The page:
“Rabbi, who sinned, this man or his parents, that he was born blind?” Jesus answered, “Neither he nor his parents sinned; it is so that the works of God might be made visible through him. We have to do the works of the one who sent me while it is day. Night is coming when no one can work.”
It would seem that Christ’s words in the Gospel are being fulfilled. Amidst a global pandemic and a prohibition of any public gathering that precludes the possibility of the faithful’s participation in the Eucharist, we seem to be in a spiritual night when the work of the Church cannot be accomplished. In this grave and unprecedented situation in the life of the Church, it would be easy to start assigning blame. Some would blame the iniquities of the world, or even sin within the Church – God’s just punishment for a world, and maybe even a Church, gone astray. There is definitely some truth here. We are in need of a big “wake up call.” But this idea is also insufficient.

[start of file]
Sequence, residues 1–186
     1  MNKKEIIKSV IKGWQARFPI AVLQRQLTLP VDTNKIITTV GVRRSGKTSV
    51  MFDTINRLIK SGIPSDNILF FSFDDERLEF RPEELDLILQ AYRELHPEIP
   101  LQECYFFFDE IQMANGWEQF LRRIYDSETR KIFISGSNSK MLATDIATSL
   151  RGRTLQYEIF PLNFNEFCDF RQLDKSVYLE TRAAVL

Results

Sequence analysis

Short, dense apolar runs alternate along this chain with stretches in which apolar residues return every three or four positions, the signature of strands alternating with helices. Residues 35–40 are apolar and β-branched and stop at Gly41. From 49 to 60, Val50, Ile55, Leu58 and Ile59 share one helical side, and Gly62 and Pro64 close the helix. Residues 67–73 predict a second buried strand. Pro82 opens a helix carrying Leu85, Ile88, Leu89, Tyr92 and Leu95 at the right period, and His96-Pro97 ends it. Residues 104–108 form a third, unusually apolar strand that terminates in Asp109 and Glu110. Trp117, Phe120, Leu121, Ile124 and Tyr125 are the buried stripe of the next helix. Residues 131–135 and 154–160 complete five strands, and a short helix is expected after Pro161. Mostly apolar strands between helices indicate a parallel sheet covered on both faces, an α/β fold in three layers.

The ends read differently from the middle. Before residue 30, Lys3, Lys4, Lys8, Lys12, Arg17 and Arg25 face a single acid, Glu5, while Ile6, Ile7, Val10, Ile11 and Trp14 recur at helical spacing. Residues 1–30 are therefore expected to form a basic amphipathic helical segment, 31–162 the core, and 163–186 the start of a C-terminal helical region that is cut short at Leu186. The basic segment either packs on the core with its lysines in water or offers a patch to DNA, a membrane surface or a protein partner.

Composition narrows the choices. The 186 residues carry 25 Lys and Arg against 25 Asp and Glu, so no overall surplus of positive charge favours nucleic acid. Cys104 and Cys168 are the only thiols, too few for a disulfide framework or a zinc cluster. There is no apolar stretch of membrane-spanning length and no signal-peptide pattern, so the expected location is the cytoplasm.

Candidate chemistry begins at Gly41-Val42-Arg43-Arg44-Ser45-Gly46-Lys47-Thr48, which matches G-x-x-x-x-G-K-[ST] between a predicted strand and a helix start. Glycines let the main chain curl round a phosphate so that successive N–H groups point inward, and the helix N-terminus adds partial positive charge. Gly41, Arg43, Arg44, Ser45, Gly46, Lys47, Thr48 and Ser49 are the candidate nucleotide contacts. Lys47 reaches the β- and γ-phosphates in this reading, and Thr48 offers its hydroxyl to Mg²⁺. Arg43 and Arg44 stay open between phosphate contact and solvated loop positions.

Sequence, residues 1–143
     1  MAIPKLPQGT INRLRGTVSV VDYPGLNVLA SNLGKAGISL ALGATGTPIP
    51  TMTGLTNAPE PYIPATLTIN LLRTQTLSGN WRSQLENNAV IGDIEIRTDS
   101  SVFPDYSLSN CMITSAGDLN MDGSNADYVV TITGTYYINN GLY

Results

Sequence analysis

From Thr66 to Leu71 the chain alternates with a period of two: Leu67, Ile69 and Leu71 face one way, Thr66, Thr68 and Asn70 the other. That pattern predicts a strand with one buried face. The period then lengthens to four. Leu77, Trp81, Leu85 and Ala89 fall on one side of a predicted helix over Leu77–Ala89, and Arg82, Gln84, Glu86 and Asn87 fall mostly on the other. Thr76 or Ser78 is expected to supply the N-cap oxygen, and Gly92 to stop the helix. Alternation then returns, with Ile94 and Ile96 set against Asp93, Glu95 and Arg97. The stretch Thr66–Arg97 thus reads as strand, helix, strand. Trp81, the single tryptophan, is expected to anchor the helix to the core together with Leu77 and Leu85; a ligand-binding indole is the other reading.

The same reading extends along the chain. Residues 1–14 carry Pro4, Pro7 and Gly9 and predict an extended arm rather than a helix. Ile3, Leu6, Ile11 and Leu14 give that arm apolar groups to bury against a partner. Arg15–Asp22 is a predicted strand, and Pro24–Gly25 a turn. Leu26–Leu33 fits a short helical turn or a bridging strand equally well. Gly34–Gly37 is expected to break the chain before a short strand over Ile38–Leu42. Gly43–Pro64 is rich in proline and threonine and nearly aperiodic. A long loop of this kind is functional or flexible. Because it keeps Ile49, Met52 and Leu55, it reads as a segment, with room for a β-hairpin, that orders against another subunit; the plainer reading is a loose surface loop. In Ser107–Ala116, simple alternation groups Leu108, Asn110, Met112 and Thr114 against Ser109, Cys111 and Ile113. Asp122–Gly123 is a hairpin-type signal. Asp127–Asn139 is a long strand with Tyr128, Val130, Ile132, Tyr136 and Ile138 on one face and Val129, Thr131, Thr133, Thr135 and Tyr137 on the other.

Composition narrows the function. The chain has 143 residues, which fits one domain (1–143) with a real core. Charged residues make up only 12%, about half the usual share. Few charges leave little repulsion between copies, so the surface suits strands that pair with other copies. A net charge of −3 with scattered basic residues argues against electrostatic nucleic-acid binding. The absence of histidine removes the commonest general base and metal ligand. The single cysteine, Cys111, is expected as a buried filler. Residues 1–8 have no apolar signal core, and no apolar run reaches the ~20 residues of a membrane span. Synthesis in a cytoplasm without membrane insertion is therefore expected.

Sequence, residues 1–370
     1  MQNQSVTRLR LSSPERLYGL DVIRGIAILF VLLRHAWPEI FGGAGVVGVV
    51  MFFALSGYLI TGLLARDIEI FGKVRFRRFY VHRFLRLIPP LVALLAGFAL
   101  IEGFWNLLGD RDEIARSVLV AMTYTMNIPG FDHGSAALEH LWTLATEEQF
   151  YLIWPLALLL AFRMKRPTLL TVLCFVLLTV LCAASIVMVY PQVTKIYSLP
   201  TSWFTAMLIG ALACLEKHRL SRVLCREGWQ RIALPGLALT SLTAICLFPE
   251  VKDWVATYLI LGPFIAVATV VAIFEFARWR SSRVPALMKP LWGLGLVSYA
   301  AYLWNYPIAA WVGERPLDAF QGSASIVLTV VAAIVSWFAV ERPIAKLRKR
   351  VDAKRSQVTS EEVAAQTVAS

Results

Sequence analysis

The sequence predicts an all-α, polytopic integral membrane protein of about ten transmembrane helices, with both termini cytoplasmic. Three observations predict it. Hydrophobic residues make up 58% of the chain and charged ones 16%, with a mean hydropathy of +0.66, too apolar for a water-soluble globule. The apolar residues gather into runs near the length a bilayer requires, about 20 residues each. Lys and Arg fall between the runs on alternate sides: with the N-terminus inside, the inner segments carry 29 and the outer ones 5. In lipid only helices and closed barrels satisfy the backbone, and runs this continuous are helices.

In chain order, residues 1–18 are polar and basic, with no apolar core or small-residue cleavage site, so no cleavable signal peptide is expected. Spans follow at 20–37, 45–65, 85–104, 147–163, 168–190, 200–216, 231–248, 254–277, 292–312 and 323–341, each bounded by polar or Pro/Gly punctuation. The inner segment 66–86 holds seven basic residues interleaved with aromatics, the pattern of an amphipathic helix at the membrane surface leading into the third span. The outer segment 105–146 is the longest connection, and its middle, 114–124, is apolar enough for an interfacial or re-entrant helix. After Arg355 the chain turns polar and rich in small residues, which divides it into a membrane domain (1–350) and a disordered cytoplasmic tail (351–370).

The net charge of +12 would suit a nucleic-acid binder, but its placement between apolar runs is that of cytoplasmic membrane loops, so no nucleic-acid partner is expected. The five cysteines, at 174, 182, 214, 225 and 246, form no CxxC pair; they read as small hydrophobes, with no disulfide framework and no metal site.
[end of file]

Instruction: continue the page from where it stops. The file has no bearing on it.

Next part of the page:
Our Lord tells the disciples today that the man’s blindness is not because of his sin or his parents’ sin, but “that the works of God might be made visible.” And this, my brothers and sisters, is the point of departure for our own reflection today. What are the works of God that He wants to make visible, here and now?
It is deeply ironic that the first Sunday on which we are not able physically to gather as the Body of Christ is Laetare Sunday, when the Church bids us rejoice in the midst of Lent. Rejoice? Rejoice?
(To enjoy the rest of this brilliant sermon click on the following link.)